The rescue of three abducted women in Cleveland is bringing hope to thousands of families waiting for the same news about a loved one, including two Minnesota families who say their hope is reaffirmed.
FOX 9 News spoke with the parents of two children abducted just months apart 23 years ago.
"I want her home," said Susan Pagnac.
Pagnac and Marshal Midden still carry memories of their daughter, Amy, who was abducted from an Osseo gas station in August in 1989 -- but they never refer to her in the past tense.
"That is the biggest frustration as a parent," Pagnac confided. "That, 'Oh, it's been so long. You don't think they'll be alive?' Guess what? We do."
They say they're even more certain after hearing that three girls who were abducted and held captive for more than 10 years were found in Cleveland.
"I'm really happy and delighted these girls have been rescued, but you always wonder: When is that call going to be, 'Hey, we found Amy. We're bringing her home,'" Pagnac said.
That call would of course answer untold volumes of questions, beginning with who did it and what happened -- but Midden said rescues always make him wonder "what if?"
"Is she, or was she, with these people?" he asked.
Midden and Pagnac's daughter disappeared just two months before Minnesota's most famous child abduction took place.
"I think about him a lot," said Kevin Best, Jacob Wetterling's cousin.
Best and Wetterling were born just weeks apart, and both were 11 at the time Wetterling was taken. When Best learned of the events unfolding in Cleveland, he posted "Great news out of Cleveland … #HOPE" online.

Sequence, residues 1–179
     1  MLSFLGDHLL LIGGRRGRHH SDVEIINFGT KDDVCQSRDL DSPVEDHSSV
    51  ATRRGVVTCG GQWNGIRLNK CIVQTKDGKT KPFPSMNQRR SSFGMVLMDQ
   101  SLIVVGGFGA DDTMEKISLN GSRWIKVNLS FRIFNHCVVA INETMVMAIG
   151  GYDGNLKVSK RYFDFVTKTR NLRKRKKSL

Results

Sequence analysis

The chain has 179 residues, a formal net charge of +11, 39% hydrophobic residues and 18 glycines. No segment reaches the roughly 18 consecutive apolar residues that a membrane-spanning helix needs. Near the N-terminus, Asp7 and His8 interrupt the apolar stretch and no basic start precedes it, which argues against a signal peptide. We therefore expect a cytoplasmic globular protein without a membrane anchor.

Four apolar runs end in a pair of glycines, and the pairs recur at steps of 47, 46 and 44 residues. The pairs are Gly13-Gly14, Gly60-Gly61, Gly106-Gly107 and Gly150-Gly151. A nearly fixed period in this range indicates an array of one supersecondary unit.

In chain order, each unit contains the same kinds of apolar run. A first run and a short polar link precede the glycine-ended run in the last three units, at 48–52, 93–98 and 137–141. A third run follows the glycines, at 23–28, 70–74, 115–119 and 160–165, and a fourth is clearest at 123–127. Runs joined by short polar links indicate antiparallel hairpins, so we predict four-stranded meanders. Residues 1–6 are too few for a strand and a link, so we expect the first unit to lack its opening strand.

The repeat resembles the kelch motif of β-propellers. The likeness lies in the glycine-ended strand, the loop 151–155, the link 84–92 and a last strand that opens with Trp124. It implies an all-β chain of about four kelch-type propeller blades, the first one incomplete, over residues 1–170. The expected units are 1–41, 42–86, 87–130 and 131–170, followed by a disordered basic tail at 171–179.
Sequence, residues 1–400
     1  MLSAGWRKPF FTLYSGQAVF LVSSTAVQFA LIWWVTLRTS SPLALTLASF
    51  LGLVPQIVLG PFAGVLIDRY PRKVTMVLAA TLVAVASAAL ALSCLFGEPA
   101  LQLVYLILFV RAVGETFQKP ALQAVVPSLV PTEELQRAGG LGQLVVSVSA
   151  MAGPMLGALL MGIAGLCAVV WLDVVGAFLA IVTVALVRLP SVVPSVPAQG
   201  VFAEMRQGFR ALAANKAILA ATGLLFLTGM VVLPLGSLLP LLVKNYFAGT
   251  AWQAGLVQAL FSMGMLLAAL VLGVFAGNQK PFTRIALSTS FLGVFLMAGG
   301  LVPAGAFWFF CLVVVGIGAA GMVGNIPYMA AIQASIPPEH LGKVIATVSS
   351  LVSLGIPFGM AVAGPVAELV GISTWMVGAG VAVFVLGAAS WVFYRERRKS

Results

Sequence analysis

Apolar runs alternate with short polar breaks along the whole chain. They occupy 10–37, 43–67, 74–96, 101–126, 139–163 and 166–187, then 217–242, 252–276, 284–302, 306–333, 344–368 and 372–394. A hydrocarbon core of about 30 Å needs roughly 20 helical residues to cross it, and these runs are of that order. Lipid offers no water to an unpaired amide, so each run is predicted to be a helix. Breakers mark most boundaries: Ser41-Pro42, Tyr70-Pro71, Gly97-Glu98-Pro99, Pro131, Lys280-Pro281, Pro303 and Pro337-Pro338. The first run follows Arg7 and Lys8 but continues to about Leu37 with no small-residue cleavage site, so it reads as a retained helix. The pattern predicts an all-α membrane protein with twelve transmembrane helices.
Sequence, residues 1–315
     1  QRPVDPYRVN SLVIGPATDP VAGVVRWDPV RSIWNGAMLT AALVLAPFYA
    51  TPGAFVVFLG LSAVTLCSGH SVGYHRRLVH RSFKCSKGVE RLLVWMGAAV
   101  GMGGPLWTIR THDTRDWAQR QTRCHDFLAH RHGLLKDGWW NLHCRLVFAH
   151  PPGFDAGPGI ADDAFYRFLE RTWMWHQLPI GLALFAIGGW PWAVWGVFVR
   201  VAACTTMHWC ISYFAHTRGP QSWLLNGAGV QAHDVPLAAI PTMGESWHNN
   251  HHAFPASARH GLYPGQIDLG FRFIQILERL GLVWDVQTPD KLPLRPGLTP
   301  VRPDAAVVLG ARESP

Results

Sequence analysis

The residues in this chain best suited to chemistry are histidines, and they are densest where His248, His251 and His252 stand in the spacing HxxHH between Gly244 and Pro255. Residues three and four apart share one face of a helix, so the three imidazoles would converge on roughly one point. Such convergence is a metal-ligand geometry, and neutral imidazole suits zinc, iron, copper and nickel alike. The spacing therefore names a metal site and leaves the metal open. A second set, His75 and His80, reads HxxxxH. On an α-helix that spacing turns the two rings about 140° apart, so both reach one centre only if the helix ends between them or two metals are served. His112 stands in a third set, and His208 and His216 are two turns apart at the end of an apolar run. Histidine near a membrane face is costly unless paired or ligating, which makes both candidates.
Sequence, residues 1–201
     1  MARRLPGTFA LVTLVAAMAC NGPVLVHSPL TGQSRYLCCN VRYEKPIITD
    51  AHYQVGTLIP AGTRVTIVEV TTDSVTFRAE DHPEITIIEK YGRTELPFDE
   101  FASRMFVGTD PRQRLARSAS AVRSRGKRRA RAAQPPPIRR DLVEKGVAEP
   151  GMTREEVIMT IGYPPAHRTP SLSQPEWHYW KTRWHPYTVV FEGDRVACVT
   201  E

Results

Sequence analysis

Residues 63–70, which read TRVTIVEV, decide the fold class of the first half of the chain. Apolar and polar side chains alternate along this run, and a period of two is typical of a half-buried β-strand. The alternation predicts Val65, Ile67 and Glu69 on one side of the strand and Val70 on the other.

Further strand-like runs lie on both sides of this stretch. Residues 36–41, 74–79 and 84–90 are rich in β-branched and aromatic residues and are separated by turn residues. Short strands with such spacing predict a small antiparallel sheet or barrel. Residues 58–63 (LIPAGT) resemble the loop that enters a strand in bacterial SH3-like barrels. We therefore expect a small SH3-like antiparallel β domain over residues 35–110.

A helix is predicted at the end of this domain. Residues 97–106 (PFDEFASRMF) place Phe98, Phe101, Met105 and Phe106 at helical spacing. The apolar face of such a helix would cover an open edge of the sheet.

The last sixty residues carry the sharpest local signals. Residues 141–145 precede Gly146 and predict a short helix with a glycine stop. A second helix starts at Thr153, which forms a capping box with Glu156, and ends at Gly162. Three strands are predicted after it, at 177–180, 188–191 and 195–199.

"Maybe just something in the back of my mind pushed me to do that. I don't normally do that," Best said. "I'm pretty conservative, but maybe Jacob pushed me. I don't know."
Best keeps a picture of him at one of the candlelight vigils held for Wetterling. He's always grown up around hope, but he said it's certainly elevated by news like that coming out of Cleveland.
"I've kind of decided there's two kinds of hope for me," Best told FOX 9 News. "The hope your basketball team wins the evening game and there's a bigger hope in the grand scheme of things where stuff like this can happen -- and does happen. So, we're hoping that we get that call."
As the celebrations continue in Ohio, both Minnesota families are dreaming of the day they can celebrate too.
"It takes one person," Best said. "Someone saw something and acted on it. That's what we're hoping for."
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